"I reckon I'll be goin' to rustle up my husband in his studies. Yanno, so I can properly wreck his concentration. After that, well, I ent been down to Torre in a while, nor home to visit my granddad. But you know I'll be back with Aspis at least by the Feast of the Immortals, to do Winterfest with Richaard!"
Our time was regretfully coming to a close and I realised I had not made any mention of her colorful attire! This is a fashion publication after all and I know it's a subject close to our readers' hearts – judging by the snort of laughter though, it isn't something Seomanthe is too interested in.
"Fashion! Oh, I dunno Rohese, I think praps you need to have your eyes checked."
The flamboyant motions to her attire drive the point home: a suit of dark brigandine sheathed in opalescent myklian scales, a pelisse of shimmering rainbow fabric embroidered gaudily with musical notation at the cuffs and collar, and some black silk knee-breeches laced with rainbow cording.
"I don't exactly go in for subtlety, yeh? But this is the sorta thing I like, I spose, and it fits back in with what my Greganth said about tryin to walk about town with me - I stand out and I know jes' about everyone."
Subtlety is not the first word that comes to mind with this amiable lady. You cannot fail to notice her, nor should you. She is a delight and I would highly recommend getting to know her better. Be sure to stop and meet her at Bardfest, running all week beginning the 13th day of Koaratos.
Are you thinking about attending the Topsy-Turvy Masque this month but unsure about what mask to wear? With so many out there, it's not always easy to decide. What style should you wear? Which color should you choose? How do you know if it's suitable for the event you're attending? Is it an accurate expression of your personality?
There are many factors that play into deciding which masquerade mask you'll want to wear to an event; the occasion, your outfit, and the image you want to convey are the three main factors to consider. The team at Elanthian Vogue are here to guide you through the different types of masquerade masks to help you decide which is right for you.
The carnival or full-face mask. Usually, square in shape along the jaw and forehead with no mouth, this full-face mask is often either heavily gilded or stark white. Lending an air of mystery and anonymity to any occasion, it is often utilised as a standard disguise for political or diplomatic events and by those who wish to get lost in a crowd or break a few rules. Wear it to the party where you want to make an impression when you bump into that special someone. Consider adding a tricorn black hat or veil and a mantle to add to the illusion of concealment.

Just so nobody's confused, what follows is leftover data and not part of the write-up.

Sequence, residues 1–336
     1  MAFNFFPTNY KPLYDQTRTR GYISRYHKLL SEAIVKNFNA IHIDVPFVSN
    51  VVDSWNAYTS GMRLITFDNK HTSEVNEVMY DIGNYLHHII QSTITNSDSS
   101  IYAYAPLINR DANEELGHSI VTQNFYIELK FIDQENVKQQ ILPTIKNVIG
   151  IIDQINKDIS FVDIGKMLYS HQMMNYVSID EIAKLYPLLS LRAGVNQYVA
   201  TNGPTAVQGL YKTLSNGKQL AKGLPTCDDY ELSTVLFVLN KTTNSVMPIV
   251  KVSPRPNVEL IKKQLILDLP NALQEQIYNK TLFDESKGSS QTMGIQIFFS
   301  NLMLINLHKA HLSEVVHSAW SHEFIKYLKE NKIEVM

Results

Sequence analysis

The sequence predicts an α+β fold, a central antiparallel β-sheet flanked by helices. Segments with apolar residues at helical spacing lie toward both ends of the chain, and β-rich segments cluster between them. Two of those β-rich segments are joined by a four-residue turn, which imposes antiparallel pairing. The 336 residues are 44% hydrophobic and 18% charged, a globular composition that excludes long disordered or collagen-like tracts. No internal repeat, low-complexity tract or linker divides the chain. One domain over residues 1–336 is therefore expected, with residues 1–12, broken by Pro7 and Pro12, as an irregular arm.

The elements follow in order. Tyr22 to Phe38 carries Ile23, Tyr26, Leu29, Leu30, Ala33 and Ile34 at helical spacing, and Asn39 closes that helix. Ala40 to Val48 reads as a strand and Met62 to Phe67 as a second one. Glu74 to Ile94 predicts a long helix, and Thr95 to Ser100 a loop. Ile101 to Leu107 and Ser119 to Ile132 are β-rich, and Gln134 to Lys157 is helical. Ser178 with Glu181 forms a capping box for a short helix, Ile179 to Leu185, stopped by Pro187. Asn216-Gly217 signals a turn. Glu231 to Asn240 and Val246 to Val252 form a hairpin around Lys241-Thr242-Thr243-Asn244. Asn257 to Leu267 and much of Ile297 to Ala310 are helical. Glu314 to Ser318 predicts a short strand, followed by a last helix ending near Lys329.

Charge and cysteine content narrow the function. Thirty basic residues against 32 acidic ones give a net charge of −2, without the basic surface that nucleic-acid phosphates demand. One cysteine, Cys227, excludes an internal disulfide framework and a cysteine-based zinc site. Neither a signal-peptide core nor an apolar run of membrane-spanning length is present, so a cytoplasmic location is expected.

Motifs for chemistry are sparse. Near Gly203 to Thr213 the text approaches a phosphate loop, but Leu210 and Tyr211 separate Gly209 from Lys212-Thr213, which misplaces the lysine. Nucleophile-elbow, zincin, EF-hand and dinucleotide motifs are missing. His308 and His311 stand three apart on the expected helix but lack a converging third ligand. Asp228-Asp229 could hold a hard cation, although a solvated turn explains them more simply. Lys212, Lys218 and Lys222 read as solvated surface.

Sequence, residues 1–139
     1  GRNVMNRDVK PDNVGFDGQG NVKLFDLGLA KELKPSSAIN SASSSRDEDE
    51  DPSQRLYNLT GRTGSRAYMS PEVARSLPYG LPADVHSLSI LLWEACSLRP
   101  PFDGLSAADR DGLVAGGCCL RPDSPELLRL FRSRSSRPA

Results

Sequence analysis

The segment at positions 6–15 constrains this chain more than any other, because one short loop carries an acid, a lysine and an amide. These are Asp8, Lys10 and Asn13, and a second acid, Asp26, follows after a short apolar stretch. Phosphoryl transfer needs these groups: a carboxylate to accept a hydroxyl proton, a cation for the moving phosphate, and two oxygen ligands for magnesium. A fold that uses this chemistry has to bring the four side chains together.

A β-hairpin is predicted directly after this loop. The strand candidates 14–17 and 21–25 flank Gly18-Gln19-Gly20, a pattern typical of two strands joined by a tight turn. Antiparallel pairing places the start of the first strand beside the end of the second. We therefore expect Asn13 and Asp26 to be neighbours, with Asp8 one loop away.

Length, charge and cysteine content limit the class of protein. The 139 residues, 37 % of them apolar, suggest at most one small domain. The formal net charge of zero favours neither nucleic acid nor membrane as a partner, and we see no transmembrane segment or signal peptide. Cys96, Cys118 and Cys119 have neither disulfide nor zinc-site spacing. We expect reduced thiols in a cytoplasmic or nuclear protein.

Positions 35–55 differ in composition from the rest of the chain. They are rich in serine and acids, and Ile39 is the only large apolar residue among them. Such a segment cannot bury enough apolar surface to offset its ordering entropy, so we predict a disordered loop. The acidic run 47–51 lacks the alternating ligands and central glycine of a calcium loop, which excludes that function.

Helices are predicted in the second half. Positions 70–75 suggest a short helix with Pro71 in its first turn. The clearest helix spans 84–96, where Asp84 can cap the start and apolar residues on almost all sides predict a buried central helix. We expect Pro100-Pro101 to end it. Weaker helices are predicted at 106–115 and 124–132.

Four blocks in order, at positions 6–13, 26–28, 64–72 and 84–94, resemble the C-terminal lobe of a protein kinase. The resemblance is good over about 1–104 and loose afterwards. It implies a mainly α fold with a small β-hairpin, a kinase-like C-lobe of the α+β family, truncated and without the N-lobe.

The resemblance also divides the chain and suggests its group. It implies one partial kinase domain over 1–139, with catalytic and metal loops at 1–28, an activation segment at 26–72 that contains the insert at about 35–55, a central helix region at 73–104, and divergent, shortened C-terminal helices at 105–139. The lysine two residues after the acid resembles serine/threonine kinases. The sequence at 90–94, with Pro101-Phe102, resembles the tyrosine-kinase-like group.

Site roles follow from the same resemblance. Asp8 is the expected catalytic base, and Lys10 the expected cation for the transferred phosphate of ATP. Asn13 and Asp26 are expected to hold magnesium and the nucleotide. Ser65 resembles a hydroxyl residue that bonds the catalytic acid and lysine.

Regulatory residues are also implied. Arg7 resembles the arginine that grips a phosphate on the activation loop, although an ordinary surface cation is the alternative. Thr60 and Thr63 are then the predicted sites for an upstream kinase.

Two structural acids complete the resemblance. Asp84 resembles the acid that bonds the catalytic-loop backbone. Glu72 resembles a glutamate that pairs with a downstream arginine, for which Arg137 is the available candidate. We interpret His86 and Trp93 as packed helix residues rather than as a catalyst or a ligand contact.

Often considered to be the female counterpart to the carnival mask, the half-mask tends to be colorful and heavily decorated with jewels and feathers, covering the wearer's eyes, cheeks, and sometimes nose. This mask is most suited to a woman who isn’t afraid to let her personality shine through, but can be worn by men who prefer a lighter mask with less coverage. Wear it to the high-society event of the season, where everyone who’s anyone will be in attendance.
The plague mask is easy to identify with its really long hollow beak, round eyes. Usually simple in design and rarely ornate, it is associated with the prevention of spreading disease or worn by those with a love of all things macabre. Wear it to summer parties, Ebon Gate, and pretty much anything in between.
Another full-face mask, the theatre mask is a simpler style that covers the entire face, and depicts basic facial features such as the lips and nose. It guarantees complete and utter anonymity as no part of the face shows so best suited to those who want to make a mysterious entrance, and a quiet exit. Wear it to a masquerade party where you want to avoid being recognized by a certain someone.
The jester or joker mask features a sizeable hook nose that looks like a beak, and slanted eyes. It lends itself well to the entertainer in the group; the person who easily strikes up conversation, makes friends, and tells the funniest jokes in the room. Wear it to a cocktail party or masked ball – actually any occasion will do. After all, do you really need a reason to dazzle them all with your sparkling wit? For the prankster or more laugh-out-loud type, consider adding a belled headpiece or collar.
Lastly, there is the more common and readily available costume mask that tends to resemble an animal. This mask usually forms an integral part of the overall costume and is obvious in its portrayal. It could be something as simple as an eye mask or elaborate colored makeup with false whiskers. Wear it to a contest or themed fancy-dress party where participation is half the fun and you don’t mind looking silly – especially if you're wearing ears and a tail as well!
There are really no hard and fast rules but we hope this will help you choose a mask that helps you tell your story. Have fun with it!
We couldn’t end this edition without acknowledging the Koaratos Vogue Gallery 5119 winner. Whilst he would probably be more suited to next month’s Duskruin Supplement, Roblar is a performer in his own way; anyone who has seen him in action in the Helden Hall fighting pit or Duskruin Arena would agree. Known for his physical prowess, Roblar is also kind-hearted and has many admirers so it gives us great pleasure to feature him in the Elanthian Vogue Gallery.
Koaratos Commander Roblar The scene depicted is a fighting pit shaded in dark browns and dull greys. An imposing giantman dominates it, dressed only in a pair of canvas breeches. The somber colors and immense waraxe resting on his broad shoulder lend an ominous air to the composition but the warm smile on his face extends to his eyes to add a cheery tone. Cleanly defined in black ink, his square jaw and muscular physique is accented by sweeps of glistening gold and irregular flicks of glimmering silver highlight the touches of grey in his shoulder-length brown hair. Portrait as featured in the 5119 Vogue Gallery